SH RAZA | Nirantar
15 January - 24 February, 2016 | D-40 Defence Colony, New Delhi
A solo show of paintings by veteran artist SH Raza includes some of the latest works by the artist that highlight his continuous engagement and experimentation with the formal elements in painting. In his encounters with the movements of Western Modernism as an artist who spent many years in France before moving back to India, he has successfully evoked elements from Tantrism (of Indian Scriptures) in tandem with the brush strokes inspired from Expressionism.
In the current series of paintings, one can witness the subdued color compositions emerging from a central circle (Bindu) which has defined a huge body of his work. The Bindu has been a prime motif in Raza’s paintings and it highlights his interest in symbols, energy, birth and rebirth. The simplicity of the form allows for a regeneration of compositions with different colors and techniques.
Another thread in Raza’s works has been an interest in the landscape, and in one of the works, he brings together the gestural strokes of his landscape with the black Bindu and uses text to form a narrative about the black Bindu as a lover who has come from the sky to the earth upon his request. Raza continues to challenge the boundaries of his own art with these powerful and playful series of paintings.
About The Artist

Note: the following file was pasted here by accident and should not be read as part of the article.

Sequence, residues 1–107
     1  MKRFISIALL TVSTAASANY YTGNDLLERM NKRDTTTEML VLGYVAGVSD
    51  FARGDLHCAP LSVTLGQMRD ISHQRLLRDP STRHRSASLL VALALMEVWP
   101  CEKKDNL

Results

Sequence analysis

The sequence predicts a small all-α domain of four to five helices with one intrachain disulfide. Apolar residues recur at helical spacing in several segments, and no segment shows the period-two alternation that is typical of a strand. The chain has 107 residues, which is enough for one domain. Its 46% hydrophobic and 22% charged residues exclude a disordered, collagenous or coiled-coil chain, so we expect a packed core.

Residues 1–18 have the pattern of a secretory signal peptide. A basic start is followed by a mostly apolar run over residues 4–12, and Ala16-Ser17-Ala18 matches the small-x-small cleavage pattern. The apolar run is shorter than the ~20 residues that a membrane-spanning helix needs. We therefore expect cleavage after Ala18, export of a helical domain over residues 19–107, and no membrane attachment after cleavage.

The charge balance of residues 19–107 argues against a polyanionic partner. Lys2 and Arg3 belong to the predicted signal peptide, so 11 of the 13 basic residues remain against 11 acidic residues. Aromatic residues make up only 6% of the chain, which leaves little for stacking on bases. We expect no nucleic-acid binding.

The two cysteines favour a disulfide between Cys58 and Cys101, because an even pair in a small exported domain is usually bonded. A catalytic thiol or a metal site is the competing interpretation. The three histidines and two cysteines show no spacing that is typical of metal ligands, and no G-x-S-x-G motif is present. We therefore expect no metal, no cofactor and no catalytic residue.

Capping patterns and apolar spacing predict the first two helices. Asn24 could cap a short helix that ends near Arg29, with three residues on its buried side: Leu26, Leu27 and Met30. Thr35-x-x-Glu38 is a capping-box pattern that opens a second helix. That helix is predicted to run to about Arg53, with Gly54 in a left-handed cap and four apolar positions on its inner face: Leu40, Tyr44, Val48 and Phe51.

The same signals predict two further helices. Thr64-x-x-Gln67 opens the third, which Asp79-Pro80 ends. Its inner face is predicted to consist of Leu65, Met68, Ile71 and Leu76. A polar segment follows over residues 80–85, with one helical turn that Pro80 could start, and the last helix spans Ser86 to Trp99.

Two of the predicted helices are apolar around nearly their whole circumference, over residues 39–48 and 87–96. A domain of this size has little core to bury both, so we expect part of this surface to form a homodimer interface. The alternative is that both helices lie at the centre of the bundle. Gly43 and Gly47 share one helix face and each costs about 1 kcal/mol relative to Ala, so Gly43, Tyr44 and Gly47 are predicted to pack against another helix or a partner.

Born in 1922, SH Raza has created his own text for modernism creating a large repertoire of symbols, colour, tonalities, extended spaces and the vocabulary by incorporating international sensibilities. Images from nature and specifically the forests of Madhya Pradesh retain a prominent place in his mind long after he left India in 1950. He left for Paris on a French Government scholarship and studied painting at the Ecole Nationale des Beaux Arts in Paris from 1950 to 1953. He maintained an intense and powerful bond with the forests, rivers and parched earth of India. In 1940s when Raza was pursuing his diploma at J. J. School of art, images of the large metropolis of Bombay became his first source of inspiration. He evolved from painting expressionistic landscapes to abstract ones and from his fluent watercolours of landscapes and townscapes executed in the early 40's he moved towards a more expressive language painting landscapes of the mind. Raza abandoned the expressionistic landscape for a geometric abstraction and the Bindu series. His experiments were influenced by the new medium of acrylic, with which he began his new approach and experiments on canvas. His canvases from the 1960s and 70s can be viewed as works in transition of both using abstraction and figurative and the way of treating the canvas.